Like many other before you, I think you are confused about what exactly an X server is.
When you run an application that requires an X server, the server normally runs on the host local to you. With Exceed or X-Win32, the X server is running on your Windows host locally. Similarly, when you use a Linux desktop, there is an X server running on that host. It can be used by local applications, or by applications running on a remote host, where the X traffic is typically tunneled through the ssh connection that you used to login (but not necessarily). When you login and run applications, they use the X server identified by the $DISPLAY environment variable. For an application that is running locally, that will normally be localhost:1. The X tunnel mechanism sets up a listener on the remote host which is identified with $DISPLAY, and sends the X traffic back to your local X server, through the tunnel.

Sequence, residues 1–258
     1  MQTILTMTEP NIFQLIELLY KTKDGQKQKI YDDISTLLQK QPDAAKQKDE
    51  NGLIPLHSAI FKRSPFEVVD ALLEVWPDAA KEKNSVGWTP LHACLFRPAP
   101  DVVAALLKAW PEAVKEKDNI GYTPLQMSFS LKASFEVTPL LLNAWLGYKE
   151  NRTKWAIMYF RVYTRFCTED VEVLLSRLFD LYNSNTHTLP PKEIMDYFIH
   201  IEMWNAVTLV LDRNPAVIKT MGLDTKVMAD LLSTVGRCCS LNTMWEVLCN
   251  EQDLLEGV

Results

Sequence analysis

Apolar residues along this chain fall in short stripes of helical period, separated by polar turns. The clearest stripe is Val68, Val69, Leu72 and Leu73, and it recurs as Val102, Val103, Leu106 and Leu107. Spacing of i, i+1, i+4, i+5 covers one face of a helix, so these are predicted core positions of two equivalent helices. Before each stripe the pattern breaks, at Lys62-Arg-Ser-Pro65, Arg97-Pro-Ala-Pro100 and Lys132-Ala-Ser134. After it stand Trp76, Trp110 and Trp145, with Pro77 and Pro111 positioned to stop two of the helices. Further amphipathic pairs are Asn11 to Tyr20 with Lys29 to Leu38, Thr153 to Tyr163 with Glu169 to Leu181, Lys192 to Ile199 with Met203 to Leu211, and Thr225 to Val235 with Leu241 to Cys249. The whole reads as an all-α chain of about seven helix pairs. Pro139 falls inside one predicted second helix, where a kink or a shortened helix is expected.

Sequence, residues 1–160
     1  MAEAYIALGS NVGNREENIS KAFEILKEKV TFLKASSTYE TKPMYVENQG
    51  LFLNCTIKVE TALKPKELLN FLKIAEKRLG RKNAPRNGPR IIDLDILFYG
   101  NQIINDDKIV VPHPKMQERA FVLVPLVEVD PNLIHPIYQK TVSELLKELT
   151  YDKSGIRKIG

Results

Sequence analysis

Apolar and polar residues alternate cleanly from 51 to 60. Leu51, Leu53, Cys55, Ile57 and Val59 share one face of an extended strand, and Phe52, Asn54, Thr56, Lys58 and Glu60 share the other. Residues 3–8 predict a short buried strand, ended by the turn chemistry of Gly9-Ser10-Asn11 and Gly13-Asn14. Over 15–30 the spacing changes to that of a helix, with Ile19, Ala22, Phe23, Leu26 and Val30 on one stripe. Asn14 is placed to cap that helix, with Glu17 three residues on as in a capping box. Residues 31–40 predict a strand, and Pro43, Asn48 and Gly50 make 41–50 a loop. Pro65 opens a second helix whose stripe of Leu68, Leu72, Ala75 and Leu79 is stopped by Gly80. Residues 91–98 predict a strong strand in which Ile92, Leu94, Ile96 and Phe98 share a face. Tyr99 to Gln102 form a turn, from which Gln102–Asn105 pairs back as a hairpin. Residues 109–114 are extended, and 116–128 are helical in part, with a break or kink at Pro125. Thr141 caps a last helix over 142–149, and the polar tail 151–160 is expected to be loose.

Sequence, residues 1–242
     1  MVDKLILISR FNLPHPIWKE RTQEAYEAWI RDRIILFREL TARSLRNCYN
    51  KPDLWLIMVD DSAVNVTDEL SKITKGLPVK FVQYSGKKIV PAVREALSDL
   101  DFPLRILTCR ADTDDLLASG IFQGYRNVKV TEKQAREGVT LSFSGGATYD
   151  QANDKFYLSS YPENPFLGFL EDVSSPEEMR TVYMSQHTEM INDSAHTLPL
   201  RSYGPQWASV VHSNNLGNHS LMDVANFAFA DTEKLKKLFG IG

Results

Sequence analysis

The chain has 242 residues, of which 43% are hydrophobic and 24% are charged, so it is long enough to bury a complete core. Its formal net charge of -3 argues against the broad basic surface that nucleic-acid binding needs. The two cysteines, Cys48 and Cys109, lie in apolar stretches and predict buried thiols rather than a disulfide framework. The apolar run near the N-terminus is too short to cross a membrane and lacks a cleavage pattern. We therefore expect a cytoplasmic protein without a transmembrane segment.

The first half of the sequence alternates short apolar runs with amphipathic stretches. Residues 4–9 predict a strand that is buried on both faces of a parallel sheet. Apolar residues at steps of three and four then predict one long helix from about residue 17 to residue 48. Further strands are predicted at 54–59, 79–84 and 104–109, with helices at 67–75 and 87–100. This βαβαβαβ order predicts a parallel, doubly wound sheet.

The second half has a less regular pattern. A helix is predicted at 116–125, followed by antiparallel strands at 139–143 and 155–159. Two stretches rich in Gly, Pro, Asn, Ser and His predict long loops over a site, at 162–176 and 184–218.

It is possible that you want to run X applications locally, but attach to a remote X server (where you won't be able to see the display, or manipulate the keyboard or pointing device). The same mechanism applies: set $DISPLAY to point to the remote server. >For example, 184.108.40.206:1. Doing this will cause any X application that you run to attempt to connect to the specified X server. If the server is reachable, and is configured to accept TCP connections, then the application should run, and send its output to the specified server. It will, of course, expect its keyboard and pointing device to be there, too.
Last edited by theNbomr; 10-09-2009 at 05:27 AM.